Newspaper article The Canadian Press

Rogen Enlists Famous Pals to Poke Fun at Themselves in Apocalypse Film

Newspaper article The Canadian Press

Rogen Enlists Famous Pals to Poke Fun at Themselves in Apocalypse Film

Article excerpt

Rogen enlists pals for apocalypse film


TORONTO - There's something very satisfying about watching cocky celebrities get their just desserts.

Such is the thinking of actor-filmmaker Seth Rogen, who admits to finding delight in the torment of Hollywood's privileged elite in his latest comedy "This Is The End."

The whole premise revolves around a mystifying attack that befalls Los Angeles -- one that apparently levels its most punishing assaults on some of film and TV's more famous faces.

"It was fun to write," Rogen admits during a recent stop in Toronto with co-writer and co-director Evan Goldberg.

"We really kill a lot of people and the whole time we're like, 'Man, I hope people think this is funny!' Because to us, this is very entertaining."

Rogen, who also stars in the meta-horror-comedy, enlisted famous pals Michael Cera, Jay Baruchel, James Franco, Danny McBride and Craig Robinson to play outrageous versions of themselves caught in a wild night of end-of-the-world mayhem.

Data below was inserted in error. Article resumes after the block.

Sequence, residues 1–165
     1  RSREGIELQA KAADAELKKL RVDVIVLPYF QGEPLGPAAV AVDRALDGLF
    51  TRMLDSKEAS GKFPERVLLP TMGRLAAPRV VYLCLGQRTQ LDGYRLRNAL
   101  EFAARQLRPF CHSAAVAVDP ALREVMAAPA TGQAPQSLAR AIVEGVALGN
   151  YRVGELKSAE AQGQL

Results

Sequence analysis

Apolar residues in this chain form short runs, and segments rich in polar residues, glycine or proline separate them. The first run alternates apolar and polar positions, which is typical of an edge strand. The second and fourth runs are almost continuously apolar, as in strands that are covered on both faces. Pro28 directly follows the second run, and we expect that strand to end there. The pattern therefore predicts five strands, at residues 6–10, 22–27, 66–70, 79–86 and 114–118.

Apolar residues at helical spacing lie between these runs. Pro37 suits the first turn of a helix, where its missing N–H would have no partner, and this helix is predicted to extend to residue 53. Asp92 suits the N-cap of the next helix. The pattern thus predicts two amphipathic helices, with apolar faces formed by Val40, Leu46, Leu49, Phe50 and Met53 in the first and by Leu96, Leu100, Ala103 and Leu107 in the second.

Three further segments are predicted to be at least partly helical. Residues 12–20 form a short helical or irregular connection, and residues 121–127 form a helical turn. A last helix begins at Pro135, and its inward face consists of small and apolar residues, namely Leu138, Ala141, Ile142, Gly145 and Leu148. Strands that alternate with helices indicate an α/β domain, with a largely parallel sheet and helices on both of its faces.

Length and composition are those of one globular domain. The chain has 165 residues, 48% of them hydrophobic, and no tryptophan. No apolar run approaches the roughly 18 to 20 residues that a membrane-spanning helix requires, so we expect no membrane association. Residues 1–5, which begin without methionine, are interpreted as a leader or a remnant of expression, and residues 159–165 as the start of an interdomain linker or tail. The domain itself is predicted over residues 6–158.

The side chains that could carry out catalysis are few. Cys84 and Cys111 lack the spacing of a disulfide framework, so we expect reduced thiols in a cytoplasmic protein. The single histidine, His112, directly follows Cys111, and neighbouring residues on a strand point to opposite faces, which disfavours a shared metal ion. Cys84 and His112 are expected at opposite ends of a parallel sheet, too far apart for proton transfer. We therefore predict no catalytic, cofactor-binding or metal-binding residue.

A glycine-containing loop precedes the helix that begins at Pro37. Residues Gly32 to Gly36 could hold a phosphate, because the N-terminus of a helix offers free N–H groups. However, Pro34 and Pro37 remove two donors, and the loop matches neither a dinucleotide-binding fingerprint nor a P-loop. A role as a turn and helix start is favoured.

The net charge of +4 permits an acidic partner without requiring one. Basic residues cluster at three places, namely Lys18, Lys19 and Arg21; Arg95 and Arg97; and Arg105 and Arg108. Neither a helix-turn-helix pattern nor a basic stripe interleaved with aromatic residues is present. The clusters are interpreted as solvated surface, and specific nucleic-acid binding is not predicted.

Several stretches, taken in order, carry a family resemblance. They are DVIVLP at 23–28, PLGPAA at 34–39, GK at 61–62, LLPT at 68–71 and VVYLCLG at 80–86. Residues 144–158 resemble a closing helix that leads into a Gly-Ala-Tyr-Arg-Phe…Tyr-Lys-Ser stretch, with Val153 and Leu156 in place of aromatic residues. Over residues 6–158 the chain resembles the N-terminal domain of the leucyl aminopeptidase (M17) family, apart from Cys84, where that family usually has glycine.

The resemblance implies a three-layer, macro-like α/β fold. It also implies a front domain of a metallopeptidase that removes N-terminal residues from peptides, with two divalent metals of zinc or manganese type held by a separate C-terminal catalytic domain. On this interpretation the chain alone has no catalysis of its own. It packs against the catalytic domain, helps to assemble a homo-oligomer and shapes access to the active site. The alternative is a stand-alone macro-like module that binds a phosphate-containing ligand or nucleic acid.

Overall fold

Gruesome punishments also befall singer Rihanna, "Harry Potter"'s Emma Watson, movie star Paul Rudd, heart-throb Channing Tatum and TV comics Mindy Kaling and Aziz Ansari.

Throughout the pandemonium, well-worn stereotypes that dog each celeb are laid bare and exaggerated for better or for worse: here, Rogen is a cowardly pothead, Hill is an arrogant narcissist, Baruchel is a condescending hipster and Franco is a sexually ambiguous art snob.

"I don't know if anyone really knew what to expect," Rogen admits of openly mocking his Hollywood pals.

"I think they could see what we were doing as soon as they read it -- that we were all playing like bad versions of ourselves. (But) I remember Franco, like, pulling me aside early on and just being like, 'You don't actually think I'm like this, right?' "

Rogen says he and Goldberg, who also co-wrote "Superbad" and "Pineapple Express," prepared their friends before unleashing the script on them.

Certain people definitely had sensitive issues that they weren't comfortable putting up on the big screen, notes Goldberg. …

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